I thought cool, I have one of those BUT when I went to my pictures and looked closely at what I had labeled as an Army PX knife I immediately started noticing the differences. It has the four line tang stamp alright and the correct blade compliment BUT it also has a large glaring EZ Open notch, brass liners and brass pins, plus a tear drop lower end. So, now what the heck do I have? Pre-WWII? Post-WWII made up from all the surplus parts Camillus had already made up for the war effort? Your guess is as good as mine. BTW, the handles are one of the iterations of that black synthetic Camillus used starting in the 1930s and ending sometime in the 1960s. I think a good guess is the handles of a genuine Army PX knife also used those handles.

    [​IMG]
     
    Last edited: Apr 21, 2015
  10. jordansherer

    jordansherer

    181
    Feb 8, 2015
    I found it!

    Wood (rosewood?) scales.
    4-line stamp.
    All steel construction.
    Offset clasp/bail.

    It's a quite interesting knife:

    [​IMG]

    [​IMG]

    [​IMG]

    [​IMG]
     
    eveled likes this.
  11. MerryMadMonk

    MerryMadMonk Platinum Member Platinum Member

    May 22, 2011
    Excellent! Congratulations, Jordan... that's a real prize!
     
  12. sac troop

    sac troop

    859
    Mar 4, 2009
    Jordan, thanks for posting! I've only seen that type of clevis used on one other Camillus knife. It was a version of the knife called the Army Air Corp utility knife in the post war #46 catalog page 34. Supposedly the clevised version was for survival kits provided in case of water landings. In one Camillus document the model number is reported as "14J95A".
    Really nice to finally see one of these knives.:thumbup:
    I should back up, I also see this type clevis on the Army/Navy fishing knife shown on the same page of the 46 Catalog. Sure looks like the image of your knife on those pages has the more typical Camillus clevis. We're always subject to "artistic impression" when catalogs consist of drawings.
     
    Last edited: Jun 4, 2015
  13. jordansherer

    jordansherer

    181
    Feb 8, 2015
    Thanks! Yep. You're right. It's pretty uncommon to see a Camillus knife with this type of clevis.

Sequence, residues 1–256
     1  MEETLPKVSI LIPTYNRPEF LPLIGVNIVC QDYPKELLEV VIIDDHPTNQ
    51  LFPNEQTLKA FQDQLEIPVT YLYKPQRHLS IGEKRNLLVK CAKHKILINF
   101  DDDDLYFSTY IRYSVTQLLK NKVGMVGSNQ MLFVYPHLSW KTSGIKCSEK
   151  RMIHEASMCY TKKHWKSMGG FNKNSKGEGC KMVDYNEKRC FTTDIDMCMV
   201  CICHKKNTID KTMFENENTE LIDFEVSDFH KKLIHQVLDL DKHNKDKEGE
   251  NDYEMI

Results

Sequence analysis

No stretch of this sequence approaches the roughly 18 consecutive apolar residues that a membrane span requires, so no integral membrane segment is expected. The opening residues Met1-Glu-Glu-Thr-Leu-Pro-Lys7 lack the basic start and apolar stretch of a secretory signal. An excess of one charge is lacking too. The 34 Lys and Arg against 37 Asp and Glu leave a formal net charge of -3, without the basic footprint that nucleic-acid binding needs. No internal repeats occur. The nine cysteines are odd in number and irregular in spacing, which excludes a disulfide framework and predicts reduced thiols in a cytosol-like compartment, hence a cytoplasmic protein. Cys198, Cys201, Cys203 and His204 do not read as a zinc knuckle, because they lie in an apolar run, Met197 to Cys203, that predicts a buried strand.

All speculation of course, but I'm wondering if it was cheaper to produce this way during this period of time when Camillus was churning out millions of knives for the war. And, because it was a Post Exchange knife and wasn't going to be issued, perhaps having a cheaper clevis wasn't an issue.

    There *are* quite a few knives from other brands during this era with a removable clevis, like the Kamp King, Clover Brand, and the Syracuse knife company. One interesting thing is that both Clover Brand and SKC were made by Camillus during this time period. So, perhaps there was a bit of cross-over.
     
  14. jordansherer

    jordansherer

    181
    Feb 8, 2015
  15. jordansherer

    jordansherer

    181
    Feb 8, 2015
  16. MerryMadMonk

    MerryMadMonk Platinum Member Platinum Member

    May 22, 2011
    For easy reference, here's the Army and Navy Air Corps Emergency Fishing Knife with similar clevis

    [​IMG]

    and the Army Air Corps Utility Knife with rosewood handles

    [​IMG]
     
  17. jordansherer

    jordansherer

    181
    Feb 8, 2015
    Those are beauts!
     
  18. kingston73

    kingston73 Gold Member Gold Member

    600
    Oct 14, 2013
    Old thread but I’ll add to it since it’s such an unusual topic. I didn’t know when I bought it but I have one with some type of plastic scales:

    [​IMG]
    [​IMG]
     
    eveled likes this.
  19. eveled

    eveled Gold Member Basic Member Gold Member

    847
    Mar 11, 2016
    Neat knife. I’m surprised Camillus never made that pattern with the stamped stainless US handles.
     
  20. sac troop

    sac troop

    859
    Mar 4, 2009
    Camillus did receive an initial order for these knives, (over 100,000) late in the summer of 1945. While they were collecting the special parts and tooling to start production the two bombs were dropped on Japan, the War ended and the Government canceled the order. Camillus first run of this type knife was made in 1949. Very small run from everything we can tell. They then produced the knife continuously from 1957 to 2006.
    Of all the knives Camillus made the pattern 1760 had the most number produced with the model TL-29 type knife coming a close second.